Medals: Gold – Men’s Rowing Four, Women’s Double Sculls. Jessica Ennis – Heptathlon, Mo Farah – 10,000m, Greg Rutherford, Women’s Cycling Team Pursuit. Silver – Men’s Double Sculls.
Fever pitch excitement everywhere yesterday as the Rowing machine crunched out another 2 tearful golds and even more tearful silver, the Cycling machine is halfway through doing exactly the same and Athletics got underway by delivering on expectations. Its hard not to become nationalistic but I can’t remember another Olympic Games where the crowds are so large and so engaged at each event. I do think that we are good at cheering in a “c’mon Tim” way. We don’t have the discipline of the Germans to raise a good consistent chant and we don’t need the cheerleader like the Americans. We do have an inherent problem however. Whereas we can always sing along to Engurrrrlaaaaand! a chant of GeeeeeBeeeeee just sounds ridiculous. I’m sure there’s a solution but we’ve just not had to worry about it before.
The men’s football team crashed out of the football against South Korea in the quarter finals along with the women. I was always undecided about whether we should have a team or not and the performance of the team has finally clinched it – the Scots and the Northern Irish had it right!. If you were someone like Jessica Ennis who has trained daily rain or shine and overcome injuries to succeed, or Mo Farah who runs 120m a week how devalued would your gold seem if you shared the honour with some money-grabbing, philandering footballer who gets shirty if they aren’t on the golf course by 3pm and has to do pre-season training before they are fit enough to even play their sport competitively. It was heartening how the Welsh took to the team including a few of their countrymen though.
And so to the big events. The women’s rowing team well and truly ended their gold drought and yesterday Copeland and Hosking stormed home in the lightweight double. I do think the rowers have the hardest job of getting a good stamp. They are normally flat out in the boat or gasping for air like a landed carp. The men’s four did what was expected of them and then Zac Purchase and Mark Hunter narrowly failed as the Danish men pipped them at the line. Their interview afterwards with John Inverdale was painful to watch as they expressed their complete misery and exhaustion. John had tears in his eyes just listening. There is a marked difference in Olympic ceremonies compared to football. When the winning captain lifts the European Champions league trophy you NEVER see them cry – it’s all about self-congratulation and milking the glory in the way that Usain Bolt celebrates his victory in the 100m. On the podium though, as the national anthems play, the British athletes crumble in a genuine and heartwarming way that is very revealing.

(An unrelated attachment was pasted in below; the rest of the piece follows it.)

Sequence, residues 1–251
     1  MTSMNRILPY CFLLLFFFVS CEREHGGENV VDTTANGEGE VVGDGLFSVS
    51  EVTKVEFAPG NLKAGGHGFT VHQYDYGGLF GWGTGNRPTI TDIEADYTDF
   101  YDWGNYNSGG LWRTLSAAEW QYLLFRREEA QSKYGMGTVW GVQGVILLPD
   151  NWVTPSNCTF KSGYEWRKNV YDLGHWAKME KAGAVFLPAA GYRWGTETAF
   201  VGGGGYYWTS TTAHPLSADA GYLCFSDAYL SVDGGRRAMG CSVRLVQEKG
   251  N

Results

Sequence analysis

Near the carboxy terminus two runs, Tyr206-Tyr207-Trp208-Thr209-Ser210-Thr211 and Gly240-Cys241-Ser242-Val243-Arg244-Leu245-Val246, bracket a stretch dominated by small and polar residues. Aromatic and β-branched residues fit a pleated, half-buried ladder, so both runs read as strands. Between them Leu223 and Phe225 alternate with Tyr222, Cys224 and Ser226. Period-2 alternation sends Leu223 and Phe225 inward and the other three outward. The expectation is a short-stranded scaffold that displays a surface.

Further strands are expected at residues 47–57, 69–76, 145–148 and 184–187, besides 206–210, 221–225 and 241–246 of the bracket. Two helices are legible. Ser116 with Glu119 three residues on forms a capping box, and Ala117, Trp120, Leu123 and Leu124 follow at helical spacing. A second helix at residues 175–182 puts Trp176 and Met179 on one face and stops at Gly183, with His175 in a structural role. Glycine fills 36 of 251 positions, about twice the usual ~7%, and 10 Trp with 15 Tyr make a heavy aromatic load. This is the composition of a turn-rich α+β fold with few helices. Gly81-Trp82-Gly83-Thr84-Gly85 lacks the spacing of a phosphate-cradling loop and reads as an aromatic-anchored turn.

In the afternoon the Cyclists took another gold in the Women’s Team Pursuit – another world record on the way. We seem to have a mixture of venues – the velodrome is a fast surface which has resulted in world records everywhere. The Olympic track apparently is very quick for sprinters and not so good for long distance running. We seem to have slow water in the swimming pool – especially in the British lanes – it seems to be OK in the centre lanes. If we had taken some of the water from the Eton Dorney we could have been in business. After watching, with horror, Cliff Richard punishing the poor trapped souls locked into Wimbledon centre court before they built the roof it was nice to see Paul McCartney conducting and joining in a version of Hey Jude in the Velodrome. The winning girls team must have thought it was a little cherry on the top of their enormous cake. As long as Macca realises it’s the novelty value that makes it special we are all fine.
The evening finale was an odd TV watching experience for me. We began watching Fractured – a tense legal thriller with Anthony Hopkins just as the Heptathlon finale started. There was lots of flicking to and fro and thankfully Channel 4 had synchronised ad breaks for the key moments. The film didn’t start until after Jessica had finished. I saw the last three laps of Mo’s race (possibly my favourite gold so far along with Wiggo), Jessica’s medal ceremony, the football penalty shootout and the culmination of the long jump without missing the plotline. You could tell everyone was on a high – even within the BBC commentary team. They seem genuinely moved by the event which is very different from anything else they will encounter. My end to the evening was truly bizarre. I watched the evening highlights programme with Clare Balding and had my first encounter with the large cardboard cutout Big Ben and the sticker indicating how many gold medals we had won. Clare was sat in the studio with Mary Peters and Denise Lewis and after each piece of film she got them to stand up and move the sticker up. This is not a criticism of Clare – I think she is a fantastic presenter with versatility the BBC must absolutely love – only she could style this out in a Boris Johnson way. In an event which has been dominated by great camera angles and technology this is extraordinary and extremely tedious after the first couple of golds – see how blase I have become?
What I love about the Olympics TV experience is the mixture of blockbusters, sitcoms and soap operas. As well as the triumphant moments there are snippets of disappointment and failure. As well as the golds today there are the medals being set up for later in the week. We already know we have two medals in the tennis but we aren’t sure what colour. The sailors and the boxers keep progressing. The show jumpers and dressage are nicely poised and we have athletes making it through the early rounds. We are halfway through a big baseball game with some homeruns already on the board and the bases are loaded for the next few days.